3. Randy on February 6, 2007 10:13 am

    “The result: we have the same number of illegal immigrants, but now we’ve made it much more likely for them to enter into a cycle of poverty, increasing the risks of criminal activity or social welfare expenditures.”

    It’s bizarre, when you think about it, that legislators can somehow think this isn’t a far worse problem than “illegal immigration” in the abstract. I realize that I’m merely speculating, so if anyone has a more substantial argument, feel free to tear me apart, but the above scenario shows me that this fight over illegal immigration isn’t really a fight at all; it’s a chance for politicians to play on people’s latent fears and prejudices. It’s easy to demonize the “illegal immigrant,” because I’d imagine (and I’m speculating again) that most voters aren’t especially close with too many undocumented foreigners. That makes it even easier for politicians – demonizing illegal immigrants is an easy way for politicians to allow people to blame their ills on a subset of society without a face.

    The shame of it is, if this was really about the effects of illegal immigration, legislators would attack the “problem” at its source – they’d eliminate the market that draws foreigners to the U.S. Rather than wasting time and money searching for each and every individual, they’d seek to hold businesses responsible for hiring people who’re illegally in the country. Now, I’m sure that’s a law of some sort already, but it’s certainly not enforced, and it’s absolutely not something politicians seem keen on endorsing. It’s far easier (and more politically effective) to blame the foreigners. It’s also far easier to let the businesses slide, since hiring undocumented workers at a low wage helps them, economincally. So, of course, these businesses would rather support pols who go after the individuals, not the channels.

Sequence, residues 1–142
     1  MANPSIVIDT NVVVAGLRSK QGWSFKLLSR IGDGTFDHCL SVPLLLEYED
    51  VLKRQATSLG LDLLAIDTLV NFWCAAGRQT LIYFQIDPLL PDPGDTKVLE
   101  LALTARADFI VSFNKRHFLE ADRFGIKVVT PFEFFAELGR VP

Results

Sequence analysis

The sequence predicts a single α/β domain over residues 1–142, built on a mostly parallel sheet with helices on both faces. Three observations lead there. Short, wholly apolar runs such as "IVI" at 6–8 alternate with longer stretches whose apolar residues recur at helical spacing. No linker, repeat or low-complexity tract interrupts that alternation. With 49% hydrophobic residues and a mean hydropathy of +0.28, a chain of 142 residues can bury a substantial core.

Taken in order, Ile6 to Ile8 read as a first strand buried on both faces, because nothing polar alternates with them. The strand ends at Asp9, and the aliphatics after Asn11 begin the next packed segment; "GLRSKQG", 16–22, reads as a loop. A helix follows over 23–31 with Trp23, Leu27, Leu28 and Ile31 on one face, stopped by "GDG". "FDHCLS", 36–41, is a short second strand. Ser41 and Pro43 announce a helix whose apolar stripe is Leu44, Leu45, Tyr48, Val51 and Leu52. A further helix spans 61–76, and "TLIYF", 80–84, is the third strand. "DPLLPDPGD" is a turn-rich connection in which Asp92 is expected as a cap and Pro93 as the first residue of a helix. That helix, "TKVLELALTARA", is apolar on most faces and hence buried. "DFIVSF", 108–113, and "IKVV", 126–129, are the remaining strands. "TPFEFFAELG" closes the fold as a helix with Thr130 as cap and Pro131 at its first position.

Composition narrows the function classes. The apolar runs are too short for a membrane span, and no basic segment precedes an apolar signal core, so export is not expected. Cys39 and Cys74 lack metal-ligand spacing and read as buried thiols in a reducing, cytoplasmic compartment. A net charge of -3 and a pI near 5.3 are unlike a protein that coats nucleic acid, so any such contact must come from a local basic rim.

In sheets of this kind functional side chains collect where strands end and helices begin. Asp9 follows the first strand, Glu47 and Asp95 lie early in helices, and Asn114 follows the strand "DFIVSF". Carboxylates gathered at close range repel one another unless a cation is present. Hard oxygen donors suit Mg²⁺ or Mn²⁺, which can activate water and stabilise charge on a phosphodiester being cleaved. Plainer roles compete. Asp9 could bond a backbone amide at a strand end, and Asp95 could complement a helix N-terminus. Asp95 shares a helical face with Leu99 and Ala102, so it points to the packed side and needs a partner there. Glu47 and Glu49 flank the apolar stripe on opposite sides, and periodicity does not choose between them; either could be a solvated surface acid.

I realize I’m over-simplifying a lot of this, so perhaps I’m missing something. But I can’t help but think that attacking the individuals is a short-sighted attempt as seeming “strong” on immigration, while actually supporting a system that allows businesses to hire undocumented workers at low wages. So we’re letting businesses hire them (which is the main reason they’re here in the first place) and then we’re going to force them to remain uneducated (and in constant fear of deportation), so that, while they’re here, the only jobs they can get are laborious, low-wage opportunities. In so doing, we’re inadvertantly creating a second-class of citizens meant to do our dirty work…and taking away any possible charitable social service in the meantime.

    Like I said, it’s bizarre.

  4. Stereotypical Libertarian on February 12, 2007 9:07 pm

    You ask: “Aside from the potential for even greater abuse, is it really the state’s job to be telling these organizations who exactly can benefit?”

    Let’s assume the answer is no. Then is it really the State’s job to be giving these organizations money for this benefit? It seems a bit odd to suggest that it is good and proper for the State to throw money at these organizations (which seems to be underlying your comment), but not to do so with some specific limits.

  5. Neal on February 12, 2007 10:21 pm

    Your point is understood, and I would be the first to agree that a smaller government is a better government. My point was merely to suggest that if the organization forms for a specific purpose, it seems rather insidious for a government to use money to compel that organization to adopt a certain message that the organization may not desire. It forces the organization to choose between being able to better attain its goals, or remaining independent. Unfortunately, the organizations too often choose the money, out of the very noble desire to help. But your point is well taken, and I would agree that it would be much more desirable for the group to refuse the money in the first place so that they can help everyone without the government being able to interfere.